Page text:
Dismissing people with conspiratorial views blinds us to something important. While the claims themselves might be far-fetched, people often have legitimate reasons for believing them. African Americans, for instance, disproportionately believe conspiracy theories regarding the origin of HIV, such as that it was man-made in a laboratory or that the cure was being withheld, and are more hesitant of vaccines. But they also rate higher in distrust of medical institutions, often pointing to the Tuskegee Syphilis Study and ongoing racial disparities as evidence. And from British sheepfarmers’ suspicion of state nuclear regulators in the aftermath of Chernobyl to mask skeptics’ current jeremiads against the CDC, governmental mistrust has often developed after officials’ overconfident claims about the risks turned out to be inaccurate. What might appear to an “irrational” rejection of the facts is often a rational response to a power structure that feels distant, unresponsive, and untrustworthy.
The influence of psychologists has harmed more than it has helped in this regard. Carefully designed studies purport to show that believers in conspiracy theories lack the ability to think analytically or claim that they suffer from obscure cognitive biases like “hypersensitive agency detection.” Recent opinion pieces exaggerate the “illusory truth effect,” a phenomenon discovered in psych labs that repeated exposure to false messages leads to a relatively slight increase in the number subjects rating them as true or plausible. The smallness of this, albeit statistically significant, effect doesn’t stop commentators from presenting social media users as if they were passive dupes, who only need to be told about QANON so many times before they start believing it. Self-appointed champions of rationality have spared no effort to avoid thinking about the deeper explanations for conspiratorial thinking.
Banging the drum over losses in rationality will not get us out of our present situation. Underneath our seeming inability to find more productive political pastures is a profound misunderstanding of what makes democracy work. Hand Wringing over “post-truth” or conspiratorial beliefs is founded on the idea that the point of politics is to establish and legislate truths. Once that is your conception of politics, the trouble with democracy starts to look like citizens with dysfunctional brains.
When our fellow Americans are recast as cognitively broken, it becomes all too easy to believe that it would be best to exclude or diminish the influence of people who believe outrageous things. Increased gatekeeping within the media or by party elites and scientific experts begins to look really attractive. Some, like philosopher Jason Brennan, go even further. His 2016 book, Against Democracy, contends that the ability to rule should be limited to those capable of discerning and “correctly” reasoning about the facts, while largely sidestepping the question of who decides what the right facts are and how to know when we are correctly reasoning about them.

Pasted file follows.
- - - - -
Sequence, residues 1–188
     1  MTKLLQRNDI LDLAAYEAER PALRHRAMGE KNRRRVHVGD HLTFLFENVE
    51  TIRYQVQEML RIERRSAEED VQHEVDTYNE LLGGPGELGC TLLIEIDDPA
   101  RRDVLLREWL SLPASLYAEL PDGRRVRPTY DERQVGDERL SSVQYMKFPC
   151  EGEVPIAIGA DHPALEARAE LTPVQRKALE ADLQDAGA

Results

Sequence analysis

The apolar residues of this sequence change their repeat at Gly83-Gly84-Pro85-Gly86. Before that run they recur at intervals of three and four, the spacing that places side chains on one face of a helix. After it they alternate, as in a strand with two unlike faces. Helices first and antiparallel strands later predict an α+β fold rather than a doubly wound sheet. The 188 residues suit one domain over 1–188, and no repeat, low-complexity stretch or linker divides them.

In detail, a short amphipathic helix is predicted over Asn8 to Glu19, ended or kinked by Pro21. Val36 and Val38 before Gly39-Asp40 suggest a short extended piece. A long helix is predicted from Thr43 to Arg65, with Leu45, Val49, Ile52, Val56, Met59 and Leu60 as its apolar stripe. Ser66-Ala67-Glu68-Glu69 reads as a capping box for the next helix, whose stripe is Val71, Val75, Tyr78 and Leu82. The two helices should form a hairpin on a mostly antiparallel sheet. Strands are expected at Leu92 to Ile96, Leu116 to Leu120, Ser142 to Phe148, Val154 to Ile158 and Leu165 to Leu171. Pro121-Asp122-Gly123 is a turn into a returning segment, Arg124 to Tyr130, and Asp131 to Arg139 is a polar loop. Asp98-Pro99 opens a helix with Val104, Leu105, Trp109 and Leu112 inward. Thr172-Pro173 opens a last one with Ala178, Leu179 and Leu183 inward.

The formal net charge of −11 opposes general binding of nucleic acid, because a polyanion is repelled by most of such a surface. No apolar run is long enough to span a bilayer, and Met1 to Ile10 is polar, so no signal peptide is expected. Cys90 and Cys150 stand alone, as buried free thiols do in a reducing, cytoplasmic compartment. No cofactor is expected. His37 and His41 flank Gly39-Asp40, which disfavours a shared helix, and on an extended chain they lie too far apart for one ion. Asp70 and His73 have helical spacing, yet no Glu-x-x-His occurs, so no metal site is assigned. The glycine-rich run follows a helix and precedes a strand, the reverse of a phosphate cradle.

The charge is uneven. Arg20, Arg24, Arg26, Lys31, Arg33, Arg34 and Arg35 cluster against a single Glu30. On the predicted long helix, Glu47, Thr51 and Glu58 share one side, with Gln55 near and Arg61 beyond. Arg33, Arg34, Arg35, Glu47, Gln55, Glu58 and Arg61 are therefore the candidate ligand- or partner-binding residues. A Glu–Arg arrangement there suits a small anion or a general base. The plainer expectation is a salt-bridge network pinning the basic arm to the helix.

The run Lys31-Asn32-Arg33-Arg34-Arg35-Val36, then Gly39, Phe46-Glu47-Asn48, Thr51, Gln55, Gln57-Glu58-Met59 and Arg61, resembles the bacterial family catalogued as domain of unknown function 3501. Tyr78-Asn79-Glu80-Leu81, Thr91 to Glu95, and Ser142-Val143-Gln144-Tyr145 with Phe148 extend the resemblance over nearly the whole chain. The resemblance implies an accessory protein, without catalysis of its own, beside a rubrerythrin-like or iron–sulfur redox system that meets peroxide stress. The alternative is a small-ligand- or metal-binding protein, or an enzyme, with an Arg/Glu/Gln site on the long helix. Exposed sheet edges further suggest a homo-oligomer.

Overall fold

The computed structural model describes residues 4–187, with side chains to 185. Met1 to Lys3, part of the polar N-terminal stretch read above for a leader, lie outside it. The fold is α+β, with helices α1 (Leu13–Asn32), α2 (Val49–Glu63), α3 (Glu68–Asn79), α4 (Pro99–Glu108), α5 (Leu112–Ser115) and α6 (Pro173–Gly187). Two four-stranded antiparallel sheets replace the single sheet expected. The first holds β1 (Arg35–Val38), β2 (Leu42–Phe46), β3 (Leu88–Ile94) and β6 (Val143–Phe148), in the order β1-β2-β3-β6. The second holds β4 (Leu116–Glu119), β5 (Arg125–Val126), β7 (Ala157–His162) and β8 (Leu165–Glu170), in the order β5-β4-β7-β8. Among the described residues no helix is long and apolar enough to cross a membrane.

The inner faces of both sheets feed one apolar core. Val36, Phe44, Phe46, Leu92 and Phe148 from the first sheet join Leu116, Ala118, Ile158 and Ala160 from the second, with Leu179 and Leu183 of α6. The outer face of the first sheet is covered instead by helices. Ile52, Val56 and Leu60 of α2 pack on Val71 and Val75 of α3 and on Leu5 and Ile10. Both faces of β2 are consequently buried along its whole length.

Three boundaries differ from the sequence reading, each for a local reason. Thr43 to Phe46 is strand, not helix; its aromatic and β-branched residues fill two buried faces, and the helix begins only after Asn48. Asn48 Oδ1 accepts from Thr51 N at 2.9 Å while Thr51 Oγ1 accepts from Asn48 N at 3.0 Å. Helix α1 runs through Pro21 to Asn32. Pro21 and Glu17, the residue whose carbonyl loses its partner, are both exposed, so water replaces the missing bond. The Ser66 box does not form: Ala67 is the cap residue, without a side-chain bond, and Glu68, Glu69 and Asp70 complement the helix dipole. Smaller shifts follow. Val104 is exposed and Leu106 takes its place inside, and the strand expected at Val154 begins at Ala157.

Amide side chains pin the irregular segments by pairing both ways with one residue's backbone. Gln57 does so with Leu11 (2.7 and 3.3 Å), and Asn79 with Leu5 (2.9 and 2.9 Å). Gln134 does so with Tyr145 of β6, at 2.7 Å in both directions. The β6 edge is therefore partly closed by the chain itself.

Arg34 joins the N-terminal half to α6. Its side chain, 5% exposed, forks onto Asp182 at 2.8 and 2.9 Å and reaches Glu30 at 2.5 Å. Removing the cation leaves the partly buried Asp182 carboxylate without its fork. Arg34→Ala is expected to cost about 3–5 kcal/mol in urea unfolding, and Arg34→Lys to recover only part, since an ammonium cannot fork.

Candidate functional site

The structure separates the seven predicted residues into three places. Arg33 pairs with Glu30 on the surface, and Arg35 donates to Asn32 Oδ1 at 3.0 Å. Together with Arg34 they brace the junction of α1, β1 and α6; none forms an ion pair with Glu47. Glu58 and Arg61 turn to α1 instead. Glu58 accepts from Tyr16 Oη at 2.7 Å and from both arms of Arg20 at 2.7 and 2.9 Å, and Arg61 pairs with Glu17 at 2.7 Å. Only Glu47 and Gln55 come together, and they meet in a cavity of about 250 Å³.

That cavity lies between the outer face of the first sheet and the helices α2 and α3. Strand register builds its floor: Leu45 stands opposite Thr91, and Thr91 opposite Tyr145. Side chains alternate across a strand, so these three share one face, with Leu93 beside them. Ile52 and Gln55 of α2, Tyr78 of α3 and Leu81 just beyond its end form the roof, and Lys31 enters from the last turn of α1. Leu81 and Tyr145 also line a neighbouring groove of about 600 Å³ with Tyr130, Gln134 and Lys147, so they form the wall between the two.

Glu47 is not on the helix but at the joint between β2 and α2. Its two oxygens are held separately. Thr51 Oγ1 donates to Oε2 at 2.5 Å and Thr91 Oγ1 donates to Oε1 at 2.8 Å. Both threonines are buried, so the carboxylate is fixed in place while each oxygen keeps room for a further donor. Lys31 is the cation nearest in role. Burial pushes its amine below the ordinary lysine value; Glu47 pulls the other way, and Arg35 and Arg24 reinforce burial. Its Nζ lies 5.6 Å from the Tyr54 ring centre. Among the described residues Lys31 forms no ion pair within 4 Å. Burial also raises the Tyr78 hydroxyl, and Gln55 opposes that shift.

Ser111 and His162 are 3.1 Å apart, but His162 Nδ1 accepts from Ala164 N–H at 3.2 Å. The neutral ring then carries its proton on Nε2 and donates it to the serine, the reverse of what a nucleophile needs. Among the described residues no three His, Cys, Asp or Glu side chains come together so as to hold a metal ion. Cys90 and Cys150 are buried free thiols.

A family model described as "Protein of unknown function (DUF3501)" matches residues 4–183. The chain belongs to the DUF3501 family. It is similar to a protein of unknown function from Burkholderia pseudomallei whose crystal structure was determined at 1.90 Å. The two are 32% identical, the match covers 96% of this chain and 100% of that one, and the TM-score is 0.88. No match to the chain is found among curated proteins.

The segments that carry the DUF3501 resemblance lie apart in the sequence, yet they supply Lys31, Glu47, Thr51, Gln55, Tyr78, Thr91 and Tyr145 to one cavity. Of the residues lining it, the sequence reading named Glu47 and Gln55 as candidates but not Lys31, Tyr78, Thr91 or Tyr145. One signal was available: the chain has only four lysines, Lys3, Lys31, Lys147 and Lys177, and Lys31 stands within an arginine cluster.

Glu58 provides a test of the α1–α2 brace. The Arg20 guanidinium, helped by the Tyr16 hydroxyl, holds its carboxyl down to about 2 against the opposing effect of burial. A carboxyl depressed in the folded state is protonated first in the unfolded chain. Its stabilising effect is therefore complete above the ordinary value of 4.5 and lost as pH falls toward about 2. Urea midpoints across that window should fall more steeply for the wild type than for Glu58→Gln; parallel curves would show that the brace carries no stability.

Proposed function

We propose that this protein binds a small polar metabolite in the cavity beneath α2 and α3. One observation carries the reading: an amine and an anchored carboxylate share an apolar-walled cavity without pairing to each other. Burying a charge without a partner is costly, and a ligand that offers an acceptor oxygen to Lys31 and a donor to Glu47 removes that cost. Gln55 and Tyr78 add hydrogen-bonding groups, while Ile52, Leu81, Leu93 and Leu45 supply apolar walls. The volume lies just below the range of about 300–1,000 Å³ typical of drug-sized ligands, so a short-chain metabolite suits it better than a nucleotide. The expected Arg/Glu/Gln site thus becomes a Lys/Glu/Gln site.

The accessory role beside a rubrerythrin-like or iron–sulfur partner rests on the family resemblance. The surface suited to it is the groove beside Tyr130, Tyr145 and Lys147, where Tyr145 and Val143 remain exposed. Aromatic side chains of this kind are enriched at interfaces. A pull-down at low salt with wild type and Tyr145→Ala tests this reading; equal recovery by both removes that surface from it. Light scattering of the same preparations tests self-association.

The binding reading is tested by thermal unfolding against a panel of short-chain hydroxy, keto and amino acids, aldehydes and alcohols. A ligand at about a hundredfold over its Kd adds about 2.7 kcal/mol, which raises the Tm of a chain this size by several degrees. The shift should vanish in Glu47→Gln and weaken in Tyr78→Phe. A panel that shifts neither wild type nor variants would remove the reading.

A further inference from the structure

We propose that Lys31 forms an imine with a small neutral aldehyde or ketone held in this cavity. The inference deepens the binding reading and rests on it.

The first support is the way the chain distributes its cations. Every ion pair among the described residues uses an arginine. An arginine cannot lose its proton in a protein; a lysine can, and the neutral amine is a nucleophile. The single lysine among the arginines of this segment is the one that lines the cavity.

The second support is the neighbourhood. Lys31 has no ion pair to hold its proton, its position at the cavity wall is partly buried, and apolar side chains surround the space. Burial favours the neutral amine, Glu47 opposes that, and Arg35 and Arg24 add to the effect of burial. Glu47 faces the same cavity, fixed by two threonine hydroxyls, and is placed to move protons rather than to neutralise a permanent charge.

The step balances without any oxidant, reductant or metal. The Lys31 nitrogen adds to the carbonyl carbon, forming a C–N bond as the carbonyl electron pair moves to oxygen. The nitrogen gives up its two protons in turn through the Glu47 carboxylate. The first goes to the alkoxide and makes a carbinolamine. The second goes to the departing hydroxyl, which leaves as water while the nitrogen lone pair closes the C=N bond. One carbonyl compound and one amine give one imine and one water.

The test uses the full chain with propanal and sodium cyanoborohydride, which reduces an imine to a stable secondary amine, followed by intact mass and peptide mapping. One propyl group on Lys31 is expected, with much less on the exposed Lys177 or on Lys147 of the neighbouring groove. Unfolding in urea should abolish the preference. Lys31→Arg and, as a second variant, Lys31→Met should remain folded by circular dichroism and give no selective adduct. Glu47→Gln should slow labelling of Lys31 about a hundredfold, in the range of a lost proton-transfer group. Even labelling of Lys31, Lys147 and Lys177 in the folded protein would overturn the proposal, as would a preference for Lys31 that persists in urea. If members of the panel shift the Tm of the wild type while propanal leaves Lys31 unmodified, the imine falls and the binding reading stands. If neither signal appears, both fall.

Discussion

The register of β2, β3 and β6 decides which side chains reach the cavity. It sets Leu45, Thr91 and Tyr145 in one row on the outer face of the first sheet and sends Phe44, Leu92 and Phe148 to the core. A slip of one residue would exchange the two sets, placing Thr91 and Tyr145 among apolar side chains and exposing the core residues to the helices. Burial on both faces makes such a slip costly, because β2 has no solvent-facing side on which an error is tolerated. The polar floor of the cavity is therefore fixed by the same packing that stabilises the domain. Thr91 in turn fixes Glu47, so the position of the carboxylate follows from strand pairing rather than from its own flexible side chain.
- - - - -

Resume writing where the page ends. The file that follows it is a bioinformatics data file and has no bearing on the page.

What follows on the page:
But it is misguided to think that making our democracy only more elitist will throttle the wildfire spread of conspiratorial thinking. If anything, doing so will only temporarily contain populist ferment, letting pressure build until it eventually explodes or (if we are lucky) economic growth leads it to fizzle out. Political gatekeeping, by mistaking supposed deficits in truth and rationality for the source of democratic discord, fails to address the underlying cause of our political dysfunction: the lack of trust.
Signs of our political system’s declining legitimacy are not difficult to find. A staggering 71 percent of the Americans believe that elected officials don’t care about the average citizen or what they think. Trust in our government has never been lower, with only 17 percent of citizens expressing confidence about Washington most or all the time. By diagnosing rather than understanding, we cannot see that conspiratorial thinking is the symptom rather than the disease.
The spread of bizarre theories about COVID-19 being a “planned” epidemic or child-abuse rings is a response to real feelings of helplessness, isolation, and mistrust as numerous natural and manmade disasters unfold before our eyes—epochal crises that governments seem increasingly incapable of getting a handle on. Many of Hofstadter’s listed examples of conspiratorial thought came during similar moments: at the height of the Red Scare and Cold War nuclear brinkmanship, during the 1890s depression, or in the midst of pre-Civil War political fracturing. Conspiracy theories offer a simplified world of bad guys and heroes. A battle between good and evil is a more satisfying answer than the banality of ineffectual government and flawed electoral systems when one is facing wicked problems.
Perhaps social media adds fuel to the fire, accelerating the spread of outlandish proposals about what ails the nation. But it does so not because it short-circuits our neural pathways to crash our brains’ rational thinking modules. Conspiracy theories are passed by word of mouth (or Facebook likes) by people we already trust. It is no surprise that they gain traction in a world where satisfying solutions to our chronic, festering crises are hard to find, and where most citizens are neither afforded a legible glimpse into the workings of the vast political machinery that determines much of their lives nor the chance to actually substantially influence it.